Photos on the Mekong River

I’ve posted (rather a lot of) photos I took during the time we spent on the Mekong River to my Picasa Web site.

The Mekong River is often overlooked (at least in the West), but it really is one of the world’s great rivers. According to The Mekong: Turbulent Past, Uncertain Future by Milton Osborne (Grove Press, New York, 2000), the Mekong River is the world’s twelfth longest river, traveling either 4350 km (2700 miles) or 4800 km (3000 miles), depending on the authority you consult, in its journey from its source on the high plateau of Tibet to its delta in the South China Sea in Vietnam. The Mekong’s waters form parts of the boundaries of China, Burma, Laos, Thailand, Vietnam, and Cambodia. In fact, the only portions of the river that are not international boundaries are a long stretch in China, a couple of short stretches in Laos, and the delta in Vietnam.

Measured by volume rate of flow of water, it is the world’s tenth largest river. In Cambodia, the river has an interesting interaction with Tonle Sap Lake, the largest freshwater lake in Asia. During the dry season, the lake drains to the Mekong through the Tonle Sap River which intersects the Mekong at Cambodia’s capital, Phnom Penh. But during the wet season, the Mekong’s water level rises and the Tonle Sap River actually reverses direction, filling up the lake. This annual rise and fall of the lake level is responsible for Tonle Sap Lake’s incredibly rich fish production that provides more than 60% of the protein intake of the Cambodian people.

It has been and continues to be a source of international tension. The rice farming region of the Mekong Delta had long been occupied by the Khmer people of Cambodia, but has been part of Vietnam for the last three hundred years. According to one of our Vietnamese guides (his story was probably much influenced by the Vietnamese state-controlled press, though see the Wikipedia article that generally agrees with his assessment) threats by the Khmer Rouge under Pol Pot to reclaim the delta for Cambodia led to the invasion of Cambodia by the Vietnamese in December, 1978.  Looking to the future, there are grave concerns by the countries on the lower Mekong about China’s growing use of the Mekong to generate hydroelectric power. This threatens other uses of the river downstream and China has not been receptive to entreaties for  international consultation and control of the Mekong.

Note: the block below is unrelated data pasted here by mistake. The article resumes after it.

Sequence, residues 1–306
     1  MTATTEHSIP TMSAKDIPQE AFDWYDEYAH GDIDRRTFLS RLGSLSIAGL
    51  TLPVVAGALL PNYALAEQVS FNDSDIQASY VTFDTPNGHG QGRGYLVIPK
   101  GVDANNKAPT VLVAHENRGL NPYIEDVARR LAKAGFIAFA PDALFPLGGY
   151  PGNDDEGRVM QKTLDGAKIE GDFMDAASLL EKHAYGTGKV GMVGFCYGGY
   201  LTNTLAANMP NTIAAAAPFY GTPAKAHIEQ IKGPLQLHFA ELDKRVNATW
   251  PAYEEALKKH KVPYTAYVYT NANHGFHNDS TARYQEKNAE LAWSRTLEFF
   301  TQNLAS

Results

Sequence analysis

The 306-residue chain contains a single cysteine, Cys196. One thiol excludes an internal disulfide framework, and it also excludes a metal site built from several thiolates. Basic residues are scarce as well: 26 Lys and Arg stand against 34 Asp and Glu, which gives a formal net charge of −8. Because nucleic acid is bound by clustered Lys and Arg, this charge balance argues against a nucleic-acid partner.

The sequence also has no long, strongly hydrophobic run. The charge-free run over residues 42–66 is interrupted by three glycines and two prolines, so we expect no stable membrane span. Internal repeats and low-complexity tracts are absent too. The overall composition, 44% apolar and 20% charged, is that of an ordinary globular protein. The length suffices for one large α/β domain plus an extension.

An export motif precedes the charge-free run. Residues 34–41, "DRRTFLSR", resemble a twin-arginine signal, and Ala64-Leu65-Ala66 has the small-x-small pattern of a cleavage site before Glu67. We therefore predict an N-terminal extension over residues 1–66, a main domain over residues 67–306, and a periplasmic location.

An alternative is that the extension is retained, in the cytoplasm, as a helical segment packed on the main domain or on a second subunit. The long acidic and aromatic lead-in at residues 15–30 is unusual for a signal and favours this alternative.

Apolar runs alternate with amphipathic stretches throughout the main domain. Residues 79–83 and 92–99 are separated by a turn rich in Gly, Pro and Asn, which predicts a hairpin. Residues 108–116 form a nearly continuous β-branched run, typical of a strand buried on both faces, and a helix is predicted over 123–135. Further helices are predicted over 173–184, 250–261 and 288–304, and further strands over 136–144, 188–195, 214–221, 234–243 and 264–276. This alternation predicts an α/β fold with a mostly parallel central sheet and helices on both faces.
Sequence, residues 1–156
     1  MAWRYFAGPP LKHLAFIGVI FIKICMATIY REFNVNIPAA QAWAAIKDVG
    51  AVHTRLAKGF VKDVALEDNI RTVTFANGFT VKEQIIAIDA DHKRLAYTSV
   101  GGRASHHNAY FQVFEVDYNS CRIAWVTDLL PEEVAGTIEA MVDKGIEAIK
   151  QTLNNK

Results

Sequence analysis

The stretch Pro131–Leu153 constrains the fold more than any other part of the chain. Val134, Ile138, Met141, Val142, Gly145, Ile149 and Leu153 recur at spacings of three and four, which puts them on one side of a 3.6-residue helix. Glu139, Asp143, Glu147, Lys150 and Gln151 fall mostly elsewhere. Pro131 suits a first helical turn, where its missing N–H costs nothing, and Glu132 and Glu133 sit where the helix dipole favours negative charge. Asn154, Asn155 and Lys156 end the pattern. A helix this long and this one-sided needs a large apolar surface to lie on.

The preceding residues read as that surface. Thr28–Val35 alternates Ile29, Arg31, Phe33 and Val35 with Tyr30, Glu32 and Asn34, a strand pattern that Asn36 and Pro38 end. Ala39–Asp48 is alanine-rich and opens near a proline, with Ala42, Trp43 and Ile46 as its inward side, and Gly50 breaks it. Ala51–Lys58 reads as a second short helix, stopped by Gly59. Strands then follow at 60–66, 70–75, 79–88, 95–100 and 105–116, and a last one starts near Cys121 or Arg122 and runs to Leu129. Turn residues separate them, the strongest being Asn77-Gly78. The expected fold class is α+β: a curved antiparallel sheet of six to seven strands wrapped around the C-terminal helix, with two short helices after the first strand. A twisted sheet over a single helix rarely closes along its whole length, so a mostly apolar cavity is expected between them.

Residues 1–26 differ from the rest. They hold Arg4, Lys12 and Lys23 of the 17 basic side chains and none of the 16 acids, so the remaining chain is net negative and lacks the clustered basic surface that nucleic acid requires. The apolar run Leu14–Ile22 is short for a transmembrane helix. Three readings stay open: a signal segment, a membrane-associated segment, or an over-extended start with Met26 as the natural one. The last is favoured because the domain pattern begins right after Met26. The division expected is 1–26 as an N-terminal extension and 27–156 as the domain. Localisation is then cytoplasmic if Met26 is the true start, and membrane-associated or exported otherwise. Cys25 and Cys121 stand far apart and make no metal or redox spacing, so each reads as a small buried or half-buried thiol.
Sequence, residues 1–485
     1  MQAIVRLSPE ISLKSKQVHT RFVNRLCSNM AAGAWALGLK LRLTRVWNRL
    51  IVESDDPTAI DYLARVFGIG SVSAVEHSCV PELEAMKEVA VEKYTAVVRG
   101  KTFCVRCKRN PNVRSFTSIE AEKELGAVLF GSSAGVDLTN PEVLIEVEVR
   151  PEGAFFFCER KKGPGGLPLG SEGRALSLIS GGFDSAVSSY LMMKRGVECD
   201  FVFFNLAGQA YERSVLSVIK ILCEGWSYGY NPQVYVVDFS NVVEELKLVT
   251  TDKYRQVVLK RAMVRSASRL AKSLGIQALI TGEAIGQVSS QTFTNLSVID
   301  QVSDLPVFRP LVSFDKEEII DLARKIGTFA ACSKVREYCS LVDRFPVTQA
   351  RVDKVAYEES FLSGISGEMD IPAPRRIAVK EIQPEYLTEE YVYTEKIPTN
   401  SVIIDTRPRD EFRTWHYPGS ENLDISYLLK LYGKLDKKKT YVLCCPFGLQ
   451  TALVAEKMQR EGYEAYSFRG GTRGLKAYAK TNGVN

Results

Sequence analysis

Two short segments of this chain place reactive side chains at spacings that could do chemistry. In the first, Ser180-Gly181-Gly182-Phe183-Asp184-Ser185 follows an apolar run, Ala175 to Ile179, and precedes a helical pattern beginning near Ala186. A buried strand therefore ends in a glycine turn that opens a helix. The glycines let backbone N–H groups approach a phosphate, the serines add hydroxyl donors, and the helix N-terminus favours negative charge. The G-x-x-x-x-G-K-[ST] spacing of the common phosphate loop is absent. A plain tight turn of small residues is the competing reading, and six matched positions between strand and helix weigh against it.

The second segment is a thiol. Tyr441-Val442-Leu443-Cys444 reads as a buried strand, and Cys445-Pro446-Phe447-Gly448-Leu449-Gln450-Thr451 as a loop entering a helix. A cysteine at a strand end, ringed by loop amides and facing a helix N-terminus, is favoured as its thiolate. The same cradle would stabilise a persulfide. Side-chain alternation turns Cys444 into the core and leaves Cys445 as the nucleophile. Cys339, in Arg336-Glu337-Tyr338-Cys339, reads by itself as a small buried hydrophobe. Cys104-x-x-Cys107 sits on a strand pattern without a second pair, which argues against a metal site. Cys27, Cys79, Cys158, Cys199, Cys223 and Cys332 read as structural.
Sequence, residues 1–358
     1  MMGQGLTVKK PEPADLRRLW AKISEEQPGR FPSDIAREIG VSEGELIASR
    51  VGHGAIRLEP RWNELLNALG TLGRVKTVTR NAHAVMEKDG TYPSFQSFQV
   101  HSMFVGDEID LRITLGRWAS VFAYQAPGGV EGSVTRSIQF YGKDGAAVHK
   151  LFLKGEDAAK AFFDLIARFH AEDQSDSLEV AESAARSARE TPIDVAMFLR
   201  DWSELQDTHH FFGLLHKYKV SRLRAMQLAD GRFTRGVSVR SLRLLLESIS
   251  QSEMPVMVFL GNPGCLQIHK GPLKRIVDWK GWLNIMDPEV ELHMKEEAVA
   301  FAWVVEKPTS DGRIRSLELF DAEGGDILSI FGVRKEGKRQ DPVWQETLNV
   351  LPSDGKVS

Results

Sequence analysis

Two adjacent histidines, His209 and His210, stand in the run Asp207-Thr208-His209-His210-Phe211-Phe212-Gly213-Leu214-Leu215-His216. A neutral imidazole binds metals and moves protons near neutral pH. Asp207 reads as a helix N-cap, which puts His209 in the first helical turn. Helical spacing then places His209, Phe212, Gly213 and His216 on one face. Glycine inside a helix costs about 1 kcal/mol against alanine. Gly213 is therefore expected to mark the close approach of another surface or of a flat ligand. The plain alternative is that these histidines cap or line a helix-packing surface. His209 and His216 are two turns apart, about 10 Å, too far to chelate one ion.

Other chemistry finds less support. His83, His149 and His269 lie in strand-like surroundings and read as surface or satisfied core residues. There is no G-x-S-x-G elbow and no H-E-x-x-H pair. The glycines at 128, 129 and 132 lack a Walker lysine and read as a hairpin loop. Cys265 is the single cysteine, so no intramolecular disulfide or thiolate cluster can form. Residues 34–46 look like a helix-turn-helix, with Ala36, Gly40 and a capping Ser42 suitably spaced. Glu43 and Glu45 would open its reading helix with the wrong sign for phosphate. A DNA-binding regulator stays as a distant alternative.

Another draw of visiting the Mekong is that it has been a long time since Westerners were allowed access to this region. After the US exited from Vietnam, all the countries except Thailand that share the Mekong had communist governments with unfriendly relations with the West (and often with each other!). Time passes and the prospect of tourist dollars prompted Vietnam to open up the Mekong Delta. Cambodia and Laos are also more open to visitors than in the past, but tourist facilities are not very developed along the Mekong in either country, with the exception of Phnom Penh.

The photos, like most of my posted photos, are in rough chronological order. We left Saigon by SUV on September 26th for the drive to My Tho, Vietnam. Along the way, we stopped at a Buddhist temple (Vin Trang, according to our itinerary) built in 1849, views of which comprise the first set of pictures. At My Tho, we boarded a boat for a ride up the Mekong with our guide silhouetted against the gray sky as we raced up the river. The boats on the Mekong have distinctive eyes painted in their prows in accordance with local superstition. We then landed at a village that made coconut based candy, very similar to a taffy. (Sadly, there are no leftovers from the two sacks we bought.) A short walk found us at a fruit farm and Kris took lessons in carrying fruit on a pole in case she needs a new profession when she gets home. We had a delicious lunch with live folk music and then boarded a narrow canoe to be paddled along a palm-lined canal, the Vam Xep, eventually emerging back onto the Mekong where our river boat was docked. This gave me a great opportunity to take closeup pictures of our boat-(men and women).  We then returned to My Tho and were driven to Can Tho, Vietnam to spend the night. (Hmm. Good political slogan once democracy returns to Vietnam: “Yes, we Can Tho.”)